Published in the Western Standard, January 16, 2006, p. 22. (Also available in a pdf scan.)
Toronto is that place in Ontario from where the light of naïve statism shines all over the country. David Miller is mayor of that place. Just as law-abiding citizens who have bought legal, thus registered, handguns since 1934 were wondering how they could have been such suckers, the mayor of Toronto penned a remarkable piece in the National Post of December 10.
The good mayor’s sermon for banning handguns, and probably all guns, reminded me of a former Québec Deputy Minister of Revenue, Pierre-André Paré, who declared in 1996 that, in this province, owning a house, driving a car, or exercising a profession are privileges. “What about the rights of gun owners?” Miller asked rhetorically. They don’t have any. It goes without saying that they don’t have a right to self-defence. Moreover, Miller explained, “[a] hobby is a privilege.”
What about somebody whose hobby is computers? What about somebody whose hobby is religion — be it Islam or any other potentially dangerous religion. What about somebody whose hobby is driving cars, pick-ups or vans, machines that kill 216 pedestrians per year in Canada, compared to 98 handgun-related homicides (data for 2002)? What about pornography or, for the high classes, eroticism? What about somebody whose dangerous hobby is going to gay saunas? What about collecting Soviet or Nazi memorabilia – or memorabilia of, say, statocrats who have hanged from lampposts in modern history? What about somebody whose hobby is writing letters to editors? Are all these hobbies privileges?
I assume that Mr. Miller is not yet deep enough into 1984 and the Brave New World to answer Yes. So, what the Toronto statocrat means, in fact, is that some hobbies are privileges, presumably not the ones he likes.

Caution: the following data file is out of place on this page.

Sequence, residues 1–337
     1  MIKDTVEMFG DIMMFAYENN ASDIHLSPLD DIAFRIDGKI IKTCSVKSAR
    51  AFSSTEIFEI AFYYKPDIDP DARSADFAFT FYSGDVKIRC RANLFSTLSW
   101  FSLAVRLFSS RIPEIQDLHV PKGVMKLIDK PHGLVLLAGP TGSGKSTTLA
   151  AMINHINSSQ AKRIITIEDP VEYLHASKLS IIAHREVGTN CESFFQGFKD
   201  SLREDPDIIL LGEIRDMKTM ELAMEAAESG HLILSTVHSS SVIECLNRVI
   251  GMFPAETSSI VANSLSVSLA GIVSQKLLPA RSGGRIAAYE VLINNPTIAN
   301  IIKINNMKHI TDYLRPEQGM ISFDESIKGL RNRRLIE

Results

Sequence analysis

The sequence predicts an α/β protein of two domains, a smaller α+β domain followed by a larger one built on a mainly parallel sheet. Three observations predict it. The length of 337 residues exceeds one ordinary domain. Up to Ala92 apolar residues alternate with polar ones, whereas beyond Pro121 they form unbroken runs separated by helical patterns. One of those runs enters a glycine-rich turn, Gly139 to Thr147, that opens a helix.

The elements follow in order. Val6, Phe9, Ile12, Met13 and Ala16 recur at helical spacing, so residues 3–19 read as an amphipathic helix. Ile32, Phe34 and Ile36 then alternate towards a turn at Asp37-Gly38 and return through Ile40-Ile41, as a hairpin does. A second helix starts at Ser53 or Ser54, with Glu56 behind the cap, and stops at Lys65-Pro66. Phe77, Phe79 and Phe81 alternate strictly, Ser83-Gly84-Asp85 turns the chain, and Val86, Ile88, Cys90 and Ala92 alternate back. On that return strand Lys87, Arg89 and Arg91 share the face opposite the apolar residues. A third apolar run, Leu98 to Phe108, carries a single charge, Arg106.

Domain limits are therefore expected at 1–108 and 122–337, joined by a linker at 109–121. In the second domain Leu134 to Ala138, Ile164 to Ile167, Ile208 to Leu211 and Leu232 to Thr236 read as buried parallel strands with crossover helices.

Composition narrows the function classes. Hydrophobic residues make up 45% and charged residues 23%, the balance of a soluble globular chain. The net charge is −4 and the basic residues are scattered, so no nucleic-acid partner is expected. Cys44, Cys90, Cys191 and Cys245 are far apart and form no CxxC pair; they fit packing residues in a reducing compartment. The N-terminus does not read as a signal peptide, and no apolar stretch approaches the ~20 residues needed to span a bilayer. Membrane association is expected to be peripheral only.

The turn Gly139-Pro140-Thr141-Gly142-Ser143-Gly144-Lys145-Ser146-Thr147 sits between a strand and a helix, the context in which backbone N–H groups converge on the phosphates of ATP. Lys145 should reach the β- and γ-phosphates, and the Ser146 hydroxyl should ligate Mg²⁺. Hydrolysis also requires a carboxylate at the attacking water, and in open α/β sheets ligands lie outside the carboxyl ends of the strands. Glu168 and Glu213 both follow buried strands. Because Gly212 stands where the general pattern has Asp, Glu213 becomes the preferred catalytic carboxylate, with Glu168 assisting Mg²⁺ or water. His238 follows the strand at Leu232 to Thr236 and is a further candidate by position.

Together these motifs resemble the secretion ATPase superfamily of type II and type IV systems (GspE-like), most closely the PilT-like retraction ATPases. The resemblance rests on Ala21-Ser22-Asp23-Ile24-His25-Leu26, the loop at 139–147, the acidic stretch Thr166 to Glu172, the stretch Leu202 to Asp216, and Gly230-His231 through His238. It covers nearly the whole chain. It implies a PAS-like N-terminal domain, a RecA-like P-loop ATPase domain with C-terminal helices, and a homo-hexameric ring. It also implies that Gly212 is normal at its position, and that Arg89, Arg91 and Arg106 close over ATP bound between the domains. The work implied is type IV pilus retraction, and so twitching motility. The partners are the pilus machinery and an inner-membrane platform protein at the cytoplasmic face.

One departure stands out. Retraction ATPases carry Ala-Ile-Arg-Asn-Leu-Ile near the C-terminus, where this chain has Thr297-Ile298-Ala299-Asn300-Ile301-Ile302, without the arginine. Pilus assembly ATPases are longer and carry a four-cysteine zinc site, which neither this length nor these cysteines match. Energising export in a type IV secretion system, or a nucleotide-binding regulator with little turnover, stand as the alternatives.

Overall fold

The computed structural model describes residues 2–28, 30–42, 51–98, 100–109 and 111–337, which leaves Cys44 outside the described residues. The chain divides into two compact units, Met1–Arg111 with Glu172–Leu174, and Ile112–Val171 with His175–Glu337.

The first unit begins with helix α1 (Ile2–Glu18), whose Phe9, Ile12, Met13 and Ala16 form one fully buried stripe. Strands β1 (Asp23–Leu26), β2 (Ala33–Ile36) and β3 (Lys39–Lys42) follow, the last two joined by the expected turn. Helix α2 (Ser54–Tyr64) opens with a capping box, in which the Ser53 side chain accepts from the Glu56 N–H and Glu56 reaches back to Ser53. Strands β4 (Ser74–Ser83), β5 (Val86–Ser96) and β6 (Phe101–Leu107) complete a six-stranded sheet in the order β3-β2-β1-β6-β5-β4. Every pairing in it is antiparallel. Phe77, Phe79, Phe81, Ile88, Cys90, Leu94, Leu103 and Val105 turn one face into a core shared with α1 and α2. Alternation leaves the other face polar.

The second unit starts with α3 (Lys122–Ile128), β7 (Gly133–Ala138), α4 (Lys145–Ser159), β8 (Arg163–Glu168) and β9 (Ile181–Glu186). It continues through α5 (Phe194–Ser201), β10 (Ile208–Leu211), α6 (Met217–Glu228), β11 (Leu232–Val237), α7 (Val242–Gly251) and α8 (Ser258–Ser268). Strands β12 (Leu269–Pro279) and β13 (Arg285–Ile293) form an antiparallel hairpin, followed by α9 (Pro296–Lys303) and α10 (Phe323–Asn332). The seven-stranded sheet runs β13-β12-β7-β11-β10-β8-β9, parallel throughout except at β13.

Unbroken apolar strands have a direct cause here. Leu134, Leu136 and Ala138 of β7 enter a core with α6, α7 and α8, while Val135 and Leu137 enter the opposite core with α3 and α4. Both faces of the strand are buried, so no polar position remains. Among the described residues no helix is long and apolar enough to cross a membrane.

But let’s not assume that our apparatchik is so selfish, or so crassly ignorant of subjective preferences different from his. He must then admit that his own hobbies are privileges, and would be willing to sacrifice himself if the large masses so decided. But who is going to make the decision in practice? Who is going to bark orders through our collective mouth? The majority? An informed majority? The 36.4% of registered voters who elected the Liberal Party in the last federal election? The apparatchiks?
“Guns have no place on the streets of Toronto or anywhere else in this country. This is a deeply held Canadian value,” Miller says. Now, does anything that counts as a “Canadian value” justify coercive discrimination? Who determines what is a “Canadian value”? Toronto City Hall or the CRTC? Can something be a “Canadian value” if some Canadians – a few millions gun owners, in this case – don’t share it?
Mr. Miller blames some of the crimes that his police can’t stop on the guns that “are stolen from gun owners in and around the city.” “This has to stop,” he barks. By which he means that the victims of the thefts must be relieved of their property by the state itself.
Hobbies are a fascinating phenomenon, which says much about the ludique, playful aspect of human life. From toy train collectors to oversize pumpkin competitors or model airplane nuts, hobbyists demonstrate the diversity of individual preferences. In the apparatchiks’ minds, all these hobbies must be dangerous for they consume scarce resources that could instead cater to the do-gooders’ preferences. According to Statistics Canada, $2.6 billion of toys, games and hobby supplies are purchased every year in Canada. Just one year of Canadian hobbies could purchase 800 PET scanners or provide 650,000 PET scans, or save millions of dying children in poor countries – plus, or course, supply the politicians’ bodyguards with brand new, still more powerful handguns.
Although many gun collectors are as eccentric as other hobbyists (from the apparatchiks’ and the bland majority’s viewpoints), guns are much more than a hobby. They are a powerful symbol of liberty: slaves have always, everywhere, including in 18th- and 19th-century America, been forbidden to own or carry them. Guns are not only a symbol, but an efficient tool of self-defence and individual sovereignty: as a Swiss friend said talking about his semi-automatic pistol, “My liberty!”